SBA, SCORE, and SBDCs Explained - 3 Essential Local Resources for Small Business Owners
by Caron_Beesley, Community Moderator
- Created: July 29, 2010, 4:43 am
- Updated: April 2, 2014, 9:34 am
“When you’re the business owner, there’s no one behind you. You're the back-stop.” (Warren Brown, Washington, D.C. Small Business Person of the Year 2006).
How many days and nights has this reality kept you on your toes? From making sure your business stays on track to cheerleading your employees, day-to-day business ownership is about what you make it.
But what happens when you need help? Back-stop or not, you can't go it alone forever. Help is at hand, if you know where to find it.
The government, in particular, offers a great deal of resources that support small business owners, both online and locally. Take a look at this local assistance guide and you'll find a variety of option's local SBA offices, Small Business Development Centers, SCORE and more.
But just what does each of these provide? And where should you start? Here's an overview of the services and support offered, and not offered, by three essential government-sponsored small business support organizations.
1. Small Business Administration (SBA) District Offices
What They Do: The SBA is probably best known for the loan guarantee programs it provides to small business owners in partnership with banks and lending institutions. However, this federal agency also operates local district offices nationwide that provide free or low cost advice and counseling on a variety of small business issues.
SBA district offices can help guide you through available SBA loan options and the application process and steer you towards small business-friendly banks. SBA offices also provide regular in-person and online training and workshops on a variety of topics including government contracting opportunities; disaster preparedness; assistance for veterans and minorities; the SBA loan process; and more.
Local SBA disaster field offices also help small business owners with disaster loan assistance in the event of a federally declared disaster.
What They Don't Do: SBA local offices do not help you process your loan paperwork. You must work through your bank for an SBA loan. The SBA itself also doesn't provide direct loans; your lender will submit your loan package to the SBA for approval. SBA offices also don't provide grants for start-ups or for-profits. Read more about the SBA loan process here.
2. SCORE – Counselors to America's Small Business
What They Do: SCORE (previously known as Service Corps of Retired Executives) is a network of retired business executives, leaders and volunteers who provide free and confidential counseling, mentoring and advice to small business owners nationwide.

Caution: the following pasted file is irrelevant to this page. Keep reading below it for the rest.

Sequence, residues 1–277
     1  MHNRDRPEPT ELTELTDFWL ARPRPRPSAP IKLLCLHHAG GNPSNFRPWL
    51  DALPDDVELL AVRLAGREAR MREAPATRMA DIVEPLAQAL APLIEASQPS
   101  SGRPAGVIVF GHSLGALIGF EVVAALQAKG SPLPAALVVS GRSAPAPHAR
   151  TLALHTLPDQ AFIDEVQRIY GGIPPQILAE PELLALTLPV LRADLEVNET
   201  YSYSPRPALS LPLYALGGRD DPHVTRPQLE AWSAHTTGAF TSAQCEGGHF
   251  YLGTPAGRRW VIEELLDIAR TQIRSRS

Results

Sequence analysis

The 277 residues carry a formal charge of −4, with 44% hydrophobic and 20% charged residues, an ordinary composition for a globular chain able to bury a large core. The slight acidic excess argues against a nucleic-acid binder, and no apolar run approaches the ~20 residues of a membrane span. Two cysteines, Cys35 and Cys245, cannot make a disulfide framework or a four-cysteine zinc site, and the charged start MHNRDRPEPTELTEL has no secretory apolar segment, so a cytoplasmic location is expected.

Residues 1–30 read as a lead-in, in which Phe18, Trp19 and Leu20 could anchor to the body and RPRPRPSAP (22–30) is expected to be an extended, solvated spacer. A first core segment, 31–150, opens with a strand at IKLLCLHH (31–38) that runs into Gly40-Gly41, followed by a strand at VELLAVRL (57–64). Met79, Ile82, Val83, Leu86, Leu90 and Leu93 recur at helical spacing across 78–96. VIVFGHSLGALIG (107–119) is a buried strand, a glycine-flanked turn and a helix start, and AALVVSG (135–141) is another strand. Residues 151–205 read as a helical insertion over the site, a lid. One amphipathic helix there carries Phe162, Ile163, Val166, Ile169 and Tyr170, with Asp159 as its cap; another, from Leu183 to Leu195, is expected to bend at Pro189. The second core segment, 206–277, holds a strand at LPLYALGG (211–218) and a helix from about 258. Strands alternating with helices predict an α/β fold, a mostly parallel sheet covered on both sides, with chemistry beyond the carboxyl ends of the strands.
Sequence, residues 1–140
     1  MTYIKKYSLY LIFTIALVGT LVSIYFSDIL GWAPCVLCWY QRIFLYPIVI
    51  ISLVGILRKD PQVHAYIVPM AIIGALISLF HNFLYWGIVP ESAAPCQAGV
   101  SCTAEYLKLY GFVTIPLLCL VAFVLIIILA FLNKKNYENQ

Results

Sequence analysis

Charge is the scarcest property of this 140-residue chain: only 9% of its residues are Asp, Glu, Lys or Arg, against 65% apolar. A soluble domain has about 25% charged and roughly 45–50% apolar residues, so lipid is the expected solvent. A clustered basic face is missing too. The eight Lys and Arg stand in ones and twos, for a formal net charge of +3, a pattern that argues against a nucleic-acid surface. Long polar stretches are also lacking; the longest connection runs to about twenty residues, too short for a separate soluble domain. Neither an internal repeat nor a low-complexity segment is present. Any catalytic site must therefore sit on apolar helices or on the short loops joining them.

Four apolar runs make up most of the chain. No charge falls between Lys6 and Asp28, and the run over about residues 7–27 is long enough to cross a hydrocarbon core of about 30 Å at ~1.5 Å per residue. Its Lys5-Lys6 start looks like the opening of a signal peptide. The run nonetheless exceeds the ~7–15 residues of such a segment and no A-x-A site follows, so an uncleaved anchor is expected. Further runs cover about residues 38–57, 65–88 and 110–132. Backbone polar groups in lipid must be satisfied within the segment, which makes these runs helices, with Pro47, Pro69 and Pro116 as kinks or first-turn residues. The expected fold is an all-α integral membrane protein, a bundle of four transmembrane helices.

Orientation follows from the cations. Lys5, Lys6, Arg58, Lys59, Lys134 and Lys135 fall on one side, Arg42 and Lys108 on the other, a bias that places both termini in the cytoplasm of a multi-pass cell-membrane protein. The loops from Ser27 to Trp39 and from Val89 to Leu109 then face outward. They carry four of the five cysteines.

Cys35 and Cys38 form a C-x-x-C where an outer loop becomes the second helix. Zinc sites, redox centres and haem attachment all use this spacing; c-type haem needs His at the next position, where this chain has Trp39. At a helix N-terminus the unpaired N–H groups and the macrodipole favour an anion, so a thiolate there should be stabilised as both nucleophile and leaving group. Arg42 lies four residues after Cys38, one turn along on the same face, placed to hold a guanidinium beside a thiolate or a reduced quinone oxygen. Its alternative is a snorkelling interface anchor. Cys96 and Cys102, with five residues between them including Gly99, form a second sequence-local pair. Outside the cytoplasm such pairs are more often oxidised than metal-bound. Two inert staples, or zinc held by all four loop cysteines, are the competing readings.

Sponsored by the SBA, SCORE has over 11,000 volunteers in 320 chapters who share their expertise through in-person and online counseling. Be prepared to deal with several experts if you need end-to-end business advice. SCORE specialists are just that – they often have a specific area of expertise (HR, business planning, etc.) and while your primary counselor will be your main point of contact, they can help identify and introduce you to other specialists.
SCORE also operates a resource-rich website that includes how-to guides as well as a listing of its local branches which also operate in-person workshops.
You can also get free advice via email. Enter a keyword or area of expertise in the search box on the mentors page – or browse mentors’ profiles by skill or industry experience – and you’ll get results of available folks who you can email for help.
What They Don't Do: SCORE does not provide small business financing or legal advice. Depending on the nature of your business question, you may be better served by a lawyer.
3. Small Business Development Centers (SBDCs)
What They Do: Small Business Development Centers are also sponsored by the SBA and provide management assistance to small business owners in the form of one-on-one counseling, training seminars, assistance with SBA loans and technical assistance.
Local SBDC full-time employees and volunteers are incredibly active in promoting entrepreneurial success in local communities. In addition to free counseling and complimentary seminars, several SBDCs (funding permitting) also operate resource centers that provide free use of PCs, business software and access to advice from counselors and a library of business publications. Networking sessions also promote knowledge transfer and business opportunities.
Anyone who is interested in starting a small business or in expanding an already existing business is eligible to use the services of an SBDC. Each state has at least one SBDC, some operating at the county level.
What They Don't Do: As with SCORE counselors, SBDC offices do not provide financing or legal advice. However, many SBDCs often have local partnerships with legal service providers and law offices that may provide free consultations to SBDC referrals.
Local SBDCs maintain their own Web sites (find your nearest SBDC) and many are active on Facebook and Twitter.
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